I've written about Jim, Dave, Terry and Stewpot during the year. But as 2016 draws to a close here's a further opportunity to enjoy their work.

Ed Stewart
Ed presented a revived version of Junior Choice live every Christmas Day on Radio 2 between 2007 and 2015. The playlist was virtually the same every year - festive pop classics mixed with all the children's favourites and novelty songs - but listeners loved it. Here's the complete programme from Christmas 2009. Reading the news is Fran Godfrey.



Between 1991 and 1999 Ed had a daily afternoon show on Radio 2. His final show was on Friday 2 July before he was moved to a Sunday afternoon slot. Here's the majority of that programme. Yet again the perils of recording on a C90 means that the tape turn falls in the middle of the Accumulator Quiz. Taking part in the final run is quiz junkie Isabelle Heward - she's in the current series of Mastermind and has appeared on The Weakest Link, The Chase, Only Connect, Counterpoint, Countdown and 15-1. Also featured are Barbara Windsor, Hilary Oliver, Radio 2 controller Jim Moir and, for some reason, Victoria Beckham's dad, Tony Adams. With the travel news is Sally Traffic and reading the news Colin Berry.


Terry Wogan
For nine years, 2000 to 2008, it was a Christmas morning tradition for Radio 2 to feature a show with Our Tel. All recorded of course, Terry would no doubt be at home helping "the present Mrs Wogan"  to peel the veg. This is a delightful slice of audio archive from Christmas Day 2007. Assisting Sir Terry are Deadly, Boggy, Lynn and Barrowlands Boyd in a tribute to Mrs Gaskell, Scranford, a panto and a Janet and John story.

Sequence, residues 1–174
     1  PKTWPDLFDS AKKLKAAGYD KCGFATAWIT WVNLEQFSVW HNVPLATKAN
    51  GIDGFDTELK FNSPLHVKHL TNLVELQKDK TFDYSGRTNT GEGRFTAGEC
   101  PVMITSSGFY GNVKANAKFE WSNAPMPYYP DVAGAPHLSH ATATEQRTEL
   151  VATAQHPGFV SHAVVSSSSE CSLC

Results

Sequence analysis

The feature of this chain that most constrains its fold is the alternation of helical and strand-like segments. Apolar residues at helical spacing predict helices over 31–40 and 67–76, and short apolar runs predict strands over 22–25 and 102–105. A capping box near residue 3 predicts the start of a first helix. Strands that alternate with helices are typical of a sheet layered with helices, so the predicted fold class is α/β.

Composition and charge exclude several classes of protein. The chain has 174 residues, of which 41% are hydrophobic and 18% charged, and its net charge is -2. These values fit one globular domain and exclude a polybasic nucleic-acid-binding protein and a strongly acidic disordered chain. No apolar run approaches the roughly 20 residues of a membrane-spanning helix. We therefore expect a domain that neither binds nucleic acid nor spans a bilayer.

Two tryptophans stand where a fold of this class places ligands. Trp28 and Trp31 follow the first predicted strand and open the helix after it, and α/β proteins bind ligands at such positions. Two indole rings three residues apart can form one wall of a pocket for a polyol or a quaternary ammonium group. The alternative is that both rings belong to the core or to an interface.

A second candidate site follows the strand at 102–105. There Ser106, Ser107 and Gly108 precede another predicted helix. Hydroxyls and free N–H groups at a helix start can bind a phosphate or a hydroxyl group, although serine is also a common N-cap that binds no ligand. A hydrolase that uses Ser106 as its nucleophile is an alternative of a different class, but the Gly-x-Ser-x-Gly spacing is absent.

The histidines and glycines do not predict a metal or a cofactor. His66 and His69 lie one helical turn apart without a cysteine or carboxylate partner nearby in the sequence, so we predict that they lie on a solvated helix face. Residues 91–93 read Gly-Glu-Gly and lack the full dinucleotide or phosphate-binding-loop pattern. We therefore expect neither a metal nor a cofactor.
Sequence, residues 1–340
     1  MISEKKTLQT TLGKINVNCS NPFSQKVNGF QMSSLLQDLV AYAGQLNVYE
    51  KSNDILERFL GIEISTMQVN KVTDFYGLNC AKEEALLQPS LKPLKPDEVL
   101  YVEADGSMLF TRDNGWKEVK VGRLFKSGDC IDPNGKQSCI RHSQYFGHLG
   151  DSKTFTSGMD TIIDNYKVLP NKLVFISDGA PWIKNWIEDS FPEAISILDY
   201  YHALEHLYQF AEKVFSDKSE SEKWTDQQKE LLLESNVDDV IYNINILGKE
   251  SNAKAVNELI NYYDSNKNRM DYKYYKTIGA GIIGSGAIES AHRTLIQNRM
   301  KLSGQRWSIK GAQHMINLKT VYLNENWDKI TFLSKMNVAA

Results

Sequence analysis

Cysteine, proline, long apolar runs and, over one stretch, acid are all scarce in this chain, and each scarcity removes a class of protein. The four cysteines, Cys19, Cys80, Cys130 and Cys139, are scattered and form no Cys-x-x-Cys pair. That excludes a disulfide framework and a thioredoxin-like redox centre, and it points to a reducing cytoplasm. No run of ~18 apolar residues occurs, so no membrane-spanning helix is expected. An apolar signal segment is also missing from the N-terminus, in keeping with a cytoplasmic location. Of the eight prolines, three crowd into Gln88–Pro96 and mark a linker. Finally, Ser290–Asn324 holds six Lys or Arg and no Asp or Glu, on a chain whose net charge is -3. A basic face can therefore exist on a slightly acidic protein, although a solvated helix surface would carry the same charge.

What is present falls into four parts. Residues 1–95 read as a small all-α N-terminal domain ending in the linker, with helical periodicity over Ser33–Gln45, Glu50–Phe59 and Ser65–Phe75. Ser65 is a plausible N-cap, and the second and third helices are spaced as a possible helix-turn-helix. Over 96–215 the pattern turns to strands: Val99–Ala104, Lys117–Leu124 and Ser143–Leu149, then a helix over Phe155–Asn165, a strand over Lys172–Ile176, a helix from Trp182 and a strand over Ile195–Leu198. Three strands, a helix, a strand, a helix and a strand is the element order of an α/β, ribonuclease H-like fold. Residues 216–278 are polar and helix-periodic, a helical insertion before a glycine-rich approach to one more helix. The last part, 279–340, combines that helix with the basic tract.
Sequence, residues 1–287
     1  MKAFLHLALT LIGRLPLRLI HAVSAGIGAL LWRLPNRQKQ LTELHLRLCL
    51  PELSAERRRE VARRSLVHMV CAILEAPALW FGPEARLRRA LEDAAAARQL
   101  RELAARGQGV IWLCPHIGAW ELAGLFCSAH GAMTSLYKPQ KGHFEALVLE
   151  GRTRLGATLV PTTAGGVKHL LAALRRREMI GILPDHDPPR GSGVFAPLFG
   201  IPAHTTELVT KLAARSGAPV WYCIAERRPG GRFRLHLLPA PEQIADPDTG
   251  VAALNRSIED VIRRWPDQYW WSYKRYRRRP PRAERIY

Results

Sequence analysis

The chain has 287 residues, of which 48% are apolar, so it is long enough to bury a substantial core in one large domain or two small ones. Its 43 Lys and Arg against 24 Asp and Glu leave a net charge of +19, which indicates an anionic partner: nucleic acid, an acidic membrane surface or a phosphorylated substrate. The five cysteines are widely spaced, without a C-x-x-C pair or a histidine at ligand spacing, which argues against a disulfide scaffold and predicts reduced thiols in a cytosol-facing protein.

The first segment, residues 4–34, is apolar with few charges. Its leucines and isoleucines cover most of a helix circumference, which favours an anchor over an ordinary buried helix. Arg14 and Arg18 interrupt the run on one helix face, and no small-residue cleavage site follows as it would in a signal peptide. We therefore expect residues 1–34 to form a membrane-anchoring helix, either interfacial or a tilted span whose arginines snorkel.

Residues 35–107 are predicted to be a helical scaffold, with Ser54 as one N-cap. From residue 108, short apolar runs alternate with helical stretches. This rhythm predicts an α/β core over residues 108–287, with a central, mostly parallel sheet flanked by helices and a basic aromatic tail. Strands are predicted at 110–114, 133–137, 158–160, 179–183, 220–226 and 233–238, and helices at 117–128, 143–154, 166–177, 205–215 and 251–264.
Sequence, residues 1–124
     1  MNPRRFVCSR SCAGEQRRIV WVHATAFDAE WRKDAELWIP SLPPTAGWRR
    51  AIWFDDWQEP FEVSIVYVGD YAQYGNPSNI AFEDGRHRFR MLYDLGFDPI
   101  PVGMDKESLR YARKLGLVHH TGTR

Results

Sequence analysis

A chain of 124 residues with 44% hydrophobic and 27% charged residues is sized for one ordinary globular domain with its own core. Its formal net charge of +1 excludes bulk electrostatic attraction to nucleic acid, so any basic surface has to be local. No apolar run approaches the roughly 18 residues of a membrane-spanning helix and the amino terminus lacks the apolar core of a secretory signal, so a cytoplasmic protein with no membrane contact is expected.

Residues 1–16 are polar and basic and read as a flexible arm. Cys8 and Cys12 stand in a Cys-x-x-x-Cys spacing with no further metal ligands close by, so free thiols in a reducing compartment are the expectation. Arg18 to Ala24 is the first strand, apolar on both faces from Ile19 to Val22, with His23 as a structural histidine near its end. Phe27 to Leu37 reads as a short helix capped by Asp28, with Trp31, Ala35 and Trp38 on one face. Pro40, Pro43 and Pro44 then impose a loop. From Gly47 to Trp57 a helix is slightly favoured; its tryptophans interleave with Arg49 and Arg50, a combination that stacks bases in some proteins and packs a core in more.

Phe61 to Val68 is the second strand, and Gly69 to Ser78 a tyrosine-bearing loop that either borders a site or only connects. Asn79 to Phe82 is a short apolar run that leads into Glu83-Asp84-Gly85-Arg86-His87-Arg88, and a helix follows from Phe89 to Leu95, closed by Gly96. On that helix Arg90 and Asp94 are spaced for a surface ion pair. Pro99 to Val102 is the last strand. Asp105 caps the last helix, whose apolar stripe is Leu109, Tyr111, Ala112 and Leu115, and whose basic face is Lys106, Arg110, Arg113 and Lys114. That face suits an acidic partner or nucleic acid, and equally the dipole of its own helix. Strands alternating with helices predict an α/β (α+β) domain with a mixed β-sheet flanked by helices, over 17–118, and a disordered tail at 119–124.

Dave Cash
Dave hosted what would be his final shows, The Dave Cash Countdown as well as Dave Cash Country, on the weekend of 15th and 16th October. Here's the penultimate Saturday evening retro chart show as heard on BBC Radio Kent on the 8th of October playing hits from 1968 and 1978.


I've posted this before but this is Dave's guest appearance on Pirate Johnnie Walker as heard on Radio 2 on 27 December 2009.


Jimmy Young
When Jimmy died last month he hadn't been on air with a regular show for 14 years as he'd been given the boot by Radio 2 in December 2002. My tribute to Jimmy includes his final show and his penultimate one is on MixCloud. But here's 80-odd minutes of the anti-penultimate show from Wednesday 18 December 2002. 


Jimmy did present other shows on Radio 2, he took turns on Radio 2 Top Tunes and Two's Best for instance. But here he is as the compere of a concert that very much features the kind of music he probably would've first introduced on the Light Programme. The Golden Age of Radio was broadcast on 22 February 1992 live from the White Rock Theatre in Hastings. The BBC Concert Orchestra is conducted by Bramwell Tovey and the guest pianist is Alison Procter. I'm grateful to Paul Langford for this recording (which is edited). 
Related Posts Plugin for WordPress, Blogger...